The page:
Wednesday, June 11, 2014

Oatmeal Cookies and Wisdom from My Dad

The Summer Schedule for today was What's Cooking Wednesday.  I told the kids we needed to make some cookies for my dad.  They call him Grandpa. 

There he is, behind the kids.  This was on his birthday.
 

Oatmeal raisin are his favorite kind.  With Father's Day this weekend, this will be part of his gift.  It didn't hurt that we had another rainy, cool day because the kids didn't even ask about getting in the pool today.  It was a fine day to bake.

The best recipe I have ever found for oatmeal raisin cookies is the one that comes on the top of a container of Quaker Oats.  Someone else gave me one once.  When I told her I had to have the recipe she informed me that's where she got it. She didn't have it because it was always on the container.   I went out and bought a container of Quaker Oats just that one time for the recipe.  After that I've always used the generic brand of oats, but I've saved the top of that container for years.  No need to keep buying the more expensive brand, right?


 It sits in my recipe box I've had since I've been out on my own along with a few other choice recipes I have acquired over the years.

The kids did 99% of the work on their own.  I was basically just supervising the use of the oven.  And taking a few pictures.






The cookies turned out delicious.  As I'm typing this, I'm remembering that I was a little older than my daughter when my mom started letting me make cookies on my own.  I absolutely loved that feeling.  And I mostly made oatmeal raisin cookies for my dad.

So in honor of him on Father's Day, I'll share some of the best pieces of advice he's given me and things I've learned from him over the years:

1. During a very difficult time in my life personally, I remember him saying to me, "Keep your chin up."  I actually think of that during times when I'm feeling particularly downtrodden.  I will literally lift my chin up in the air and therefore straighten up my posture when I think of it.  Always makes me feel better and stronger.

2. In another challenging time during my career, I had a horrible boss.  I was talking to my dad and mom about quitting and doing something else, I was so fed up.  He said something that stopped me right in my tracks.  "If I were you, I wouldn't let them run me off."  I realized he was right. This was the job I had worked hard to get.  Now I have the frame of mind, "You want me gone?  You're going to need some dynamite."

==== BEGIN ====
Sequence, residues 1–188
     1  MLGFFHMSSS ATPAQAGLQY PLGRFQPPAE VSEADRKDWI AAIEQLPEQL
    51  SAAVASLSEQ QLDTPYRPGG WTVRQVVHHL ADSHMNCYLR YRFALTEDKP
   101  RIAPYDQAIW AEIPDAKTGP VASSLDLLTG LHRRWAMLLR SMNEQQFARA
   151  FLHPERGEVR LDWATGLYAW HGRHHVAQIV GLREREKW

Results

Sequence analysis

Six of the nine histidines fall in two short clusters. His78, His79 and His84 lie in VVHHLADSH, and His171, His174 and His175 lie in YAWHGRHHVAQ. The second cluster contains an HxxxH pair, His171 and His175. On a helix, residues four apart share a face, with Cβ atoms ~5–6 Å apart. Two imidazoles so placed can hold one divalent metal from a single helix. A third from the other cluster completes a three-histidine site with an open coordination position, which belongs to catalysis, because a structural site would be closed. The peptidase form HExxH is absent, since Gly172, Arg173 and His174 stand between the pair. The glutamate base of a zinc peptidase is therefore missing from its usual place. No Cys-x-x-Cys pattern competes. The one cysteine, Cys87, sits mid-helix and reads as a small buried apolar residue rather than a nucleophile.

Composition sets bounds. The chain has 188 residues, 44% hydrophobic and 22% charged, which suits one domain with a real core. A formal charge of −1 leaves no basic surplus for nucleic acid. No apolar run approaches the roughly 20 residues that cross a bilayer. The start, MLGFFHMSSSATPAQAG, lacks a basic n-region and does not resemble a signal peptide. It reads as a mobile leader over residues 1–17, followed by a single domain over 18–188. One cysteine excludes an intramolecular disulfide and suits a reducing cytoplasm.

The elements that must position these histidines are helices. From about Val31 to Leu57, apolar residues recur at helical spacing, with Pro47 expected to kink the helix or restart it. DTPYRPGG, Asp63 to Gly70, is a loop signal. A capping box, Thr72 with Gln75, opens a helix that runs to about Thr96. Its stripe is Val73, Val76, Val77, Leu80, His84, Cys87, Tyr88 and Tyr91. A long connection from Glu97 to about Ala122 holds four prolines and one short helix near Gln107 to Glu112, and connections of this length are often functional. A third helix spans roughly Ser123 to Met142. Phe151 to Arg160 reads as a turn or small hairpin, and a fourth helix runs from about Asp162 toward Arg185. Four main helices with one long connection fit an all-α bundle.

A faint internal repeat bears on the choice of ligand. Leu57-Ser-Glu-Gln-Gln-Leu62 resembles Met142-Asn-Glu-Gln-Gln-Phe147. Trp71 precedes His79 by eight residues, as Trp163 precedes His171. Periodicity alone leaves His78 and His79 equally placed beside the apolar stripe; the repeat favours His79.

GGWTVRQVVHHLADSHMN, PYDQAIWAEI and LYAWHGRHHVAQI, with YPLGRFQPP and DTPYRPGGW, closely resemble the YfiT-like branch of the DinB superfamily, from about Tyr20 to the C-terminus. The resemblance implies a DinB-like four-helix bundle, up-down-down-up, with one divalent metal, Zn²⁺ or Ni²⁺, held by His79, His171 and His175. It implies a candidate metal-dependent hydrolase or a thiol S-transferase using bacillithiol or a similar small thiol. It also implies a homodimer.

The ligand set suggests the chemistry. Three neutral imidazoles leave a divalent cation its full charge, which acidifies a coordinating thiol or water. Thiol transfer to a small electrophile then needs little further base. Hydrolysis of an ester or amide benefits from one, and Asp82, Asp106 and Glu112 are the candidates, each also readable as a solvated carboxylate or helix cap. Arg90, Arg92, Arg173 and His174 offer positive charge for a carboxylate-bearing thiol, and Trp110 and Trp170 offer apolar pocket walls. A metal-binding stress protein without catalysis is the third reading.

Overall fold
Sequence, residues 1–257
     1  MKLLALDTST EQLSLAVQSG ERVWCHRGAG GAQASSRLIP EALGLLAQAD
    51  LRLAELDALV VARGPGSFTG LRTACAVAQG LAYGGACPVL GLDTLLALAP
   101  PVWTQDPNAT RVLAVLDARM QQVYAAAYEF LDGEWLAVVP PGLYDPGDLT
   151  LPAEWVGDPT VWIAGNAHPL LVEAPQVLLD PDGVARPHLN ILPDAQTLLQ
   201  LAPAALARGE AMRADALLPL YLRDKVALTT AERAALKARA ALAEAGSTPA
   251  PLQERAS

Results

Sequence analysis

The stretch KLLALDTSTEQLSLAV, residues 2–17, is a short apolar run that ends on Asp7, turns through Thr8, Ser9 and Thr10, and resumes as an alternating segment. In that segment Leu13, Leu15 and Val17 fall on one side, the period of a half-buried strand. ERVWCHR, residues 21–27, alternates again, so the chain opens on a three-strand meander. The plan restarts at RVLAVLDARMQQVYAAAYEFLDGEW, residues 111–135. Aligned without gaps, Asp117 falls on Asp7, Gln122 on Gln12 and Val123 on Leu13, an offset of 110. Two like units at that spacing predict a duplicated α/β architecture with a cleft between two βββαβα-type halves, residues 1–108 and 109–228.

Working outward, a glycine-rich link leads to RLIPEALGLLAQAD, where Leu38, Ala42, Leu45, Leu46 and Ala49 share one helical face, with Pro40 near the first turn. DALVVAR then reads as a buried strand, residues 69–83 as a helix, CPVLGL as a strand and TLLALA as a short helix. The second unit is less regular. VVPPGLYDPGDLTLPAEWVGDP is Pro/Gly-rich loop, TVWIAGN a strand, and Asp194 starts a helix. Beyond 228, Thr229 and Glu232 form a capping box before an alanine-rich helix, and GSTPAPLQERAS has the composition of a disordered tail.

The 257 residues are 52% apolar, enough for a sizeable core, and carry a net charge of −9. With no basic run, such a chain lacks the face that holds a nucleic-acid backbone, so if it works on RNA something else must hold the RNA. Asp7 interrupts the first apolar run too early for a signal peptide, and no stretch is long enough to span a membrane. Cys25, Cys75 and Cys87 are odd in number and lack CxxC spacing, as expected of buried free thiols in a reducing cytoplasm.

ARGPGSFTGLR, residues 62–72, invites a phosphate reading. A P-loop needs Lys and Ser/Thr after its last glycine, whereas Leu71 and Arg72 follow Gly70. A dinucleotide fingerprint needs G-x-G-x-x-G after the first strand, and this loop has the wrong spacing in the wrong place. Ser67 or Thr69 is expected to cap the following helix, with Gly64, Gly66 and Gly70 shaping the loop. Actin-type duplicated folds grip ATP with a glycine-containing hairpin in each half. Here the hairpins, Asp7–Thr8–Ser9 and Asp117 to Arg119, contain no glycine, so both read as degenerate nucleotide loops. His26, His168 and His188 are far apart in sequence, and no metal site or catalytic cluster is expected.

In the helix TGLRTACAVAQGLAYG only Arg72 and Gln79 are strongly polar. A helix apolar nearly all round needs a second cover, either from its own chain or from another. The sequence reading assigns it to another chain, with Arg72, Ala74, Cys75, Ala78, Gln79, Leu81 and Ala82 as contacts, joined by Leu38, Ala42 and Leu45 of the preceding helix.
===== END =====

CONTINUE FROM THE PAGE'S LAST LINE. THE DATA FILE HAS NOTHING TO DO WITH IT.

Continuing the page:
3. Using humor to deal with things improves the situation the majority of the time.

4. Money: It's not how much you make, it's how much you keep. My brother wrote a song about this in which he succinctly summed up my dad's views on finances with this one line.  I've never had credit card debt or a bad credit score. I paid off my student loan for my Master's degree completely on my own.  I know that's in part due to the example he set. 

5. Sometimes it's just the "Nature of the Beast".  This was one of the phrases I remember him using, particularly when I was in college.  To me, it's a reminder that you'll never find a completely ideal situation 100 percent of the time.  Life isn't all sunshine and unicorns.  Difficulty comes along with everything.  You need to learn to deal with it.

So Happy Early Father's Day to my Dad!  We love you!  Oh, and here's the official Quaker Oats cookie recipe for you other readers in case you don't want to waste your money on the name brand oats.  I know my dad would approve if you didn't.

1 cup (2 sticks) margarine or butter, softened
1 cup packed brown sugar
1/2 cup white sugar
2 eggs
1 teaspoon vanilla
1 1/2 cups all purpose flour
1 tsp baking soda
1 tsp cinnamon
1/2 tsp salt (optional)
3 cups oats (quick or old-fashioned)
1 cup raisins

Bake 10 to 12 minutes at 350 degrees.




Kim


2 comments:

  1. I love this recipe for cookies too :) great advise from your dad as well.

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  2. Hi Kim. What a great blog! Thanks for sharing it with me. I will look forward to checking in with you and your great family. Sounds like we have a lot in common!

    ReplyDelete